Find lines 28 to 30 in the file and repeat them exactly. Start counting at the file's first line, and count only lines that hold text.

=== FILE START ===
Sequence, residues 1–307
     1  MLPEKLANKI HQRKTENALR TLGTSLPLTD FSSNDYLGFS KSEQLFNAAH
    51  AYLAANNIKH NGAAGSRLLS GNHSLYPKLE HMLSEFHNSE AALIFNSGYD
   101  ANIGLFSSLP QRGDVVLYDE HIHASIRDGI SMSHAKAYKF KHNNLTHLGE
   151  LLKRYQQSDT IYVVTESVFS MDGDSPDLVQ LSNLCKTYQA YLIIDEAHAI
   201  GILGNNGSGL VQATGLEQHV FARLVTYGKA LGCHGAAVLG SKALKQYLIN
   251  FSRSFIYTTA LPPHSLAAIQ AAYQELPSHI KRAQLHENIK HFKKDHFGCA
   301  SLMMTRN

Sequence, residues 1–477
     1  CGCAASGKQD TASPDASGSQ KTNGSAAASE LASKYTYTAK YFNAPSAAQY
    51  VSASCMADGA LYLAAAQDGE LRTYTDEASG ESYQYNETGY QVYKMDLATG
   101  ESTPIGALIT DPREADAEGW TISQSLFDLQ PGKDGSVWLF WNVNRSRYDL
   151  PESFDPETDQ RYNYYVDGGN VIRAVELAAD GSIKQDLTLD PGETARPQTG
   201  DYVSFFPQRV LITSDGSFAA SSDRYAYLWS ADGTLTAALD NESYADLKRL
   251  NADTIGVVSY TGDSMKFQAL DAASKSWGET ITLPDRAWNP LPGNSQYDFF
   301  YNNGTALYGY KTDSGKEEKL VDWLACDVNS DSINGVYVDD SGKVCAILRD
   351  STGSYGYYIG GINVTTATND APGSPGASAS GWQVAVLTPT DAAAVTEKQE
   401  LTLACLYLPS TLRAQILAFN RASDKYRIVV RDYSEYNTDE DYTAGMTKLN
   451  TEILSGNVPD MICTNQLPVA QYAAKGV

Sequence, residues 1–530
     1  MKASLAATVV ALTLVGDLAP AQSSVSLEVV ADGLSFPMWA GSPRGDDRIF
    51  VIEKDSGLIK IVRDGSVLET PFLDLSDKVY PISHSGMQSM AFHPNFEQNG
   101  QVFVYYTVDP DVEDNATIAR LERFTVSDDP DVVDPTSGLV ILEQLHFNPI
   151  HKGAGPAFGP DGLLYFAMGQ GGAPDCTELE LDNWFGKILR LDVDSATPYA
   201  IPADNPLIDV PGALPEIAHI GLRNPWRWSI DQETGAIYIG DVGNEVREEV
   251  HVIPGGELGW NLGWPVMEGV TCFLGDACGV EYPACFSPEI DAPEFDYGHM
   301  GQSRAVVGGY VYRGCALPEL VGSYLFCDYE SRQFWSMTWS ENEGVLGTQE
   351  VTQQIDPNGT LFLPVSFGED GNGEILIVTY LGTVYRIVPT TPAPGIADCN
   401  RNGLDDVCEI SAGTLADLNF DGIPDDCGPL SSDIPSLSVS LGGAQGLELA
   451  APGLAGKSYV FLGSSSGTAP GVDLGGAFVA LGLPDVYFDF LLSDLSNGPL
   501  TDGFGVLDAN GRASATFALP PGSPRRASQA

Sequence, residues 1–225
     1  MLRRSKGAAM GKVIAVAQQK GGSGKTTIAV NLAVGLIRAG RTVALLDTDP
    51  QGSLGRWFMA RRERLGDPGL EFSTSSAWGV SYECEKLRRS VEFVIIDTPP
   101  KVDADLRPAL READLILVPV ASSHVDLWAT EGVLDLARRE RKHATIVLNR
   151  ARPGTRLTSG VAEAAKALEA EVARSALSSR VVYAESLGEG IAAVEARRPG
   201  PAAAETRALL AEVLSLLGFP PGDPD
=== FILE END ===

   351  VTQQIDPNGT LFLPVSFGED GNGEILIVTY LGTVYRIVPT TPAPGIADCN
   401  RNGLDDVCEI SAGTLADLNF DGIPDDCGPL SSDIPSLSVS LGGAQGLELA
   451  APGLAGKSYV FLGSSSGTAP GVDLGGAFVA LGLPDVYFDF LLSDLSNGPL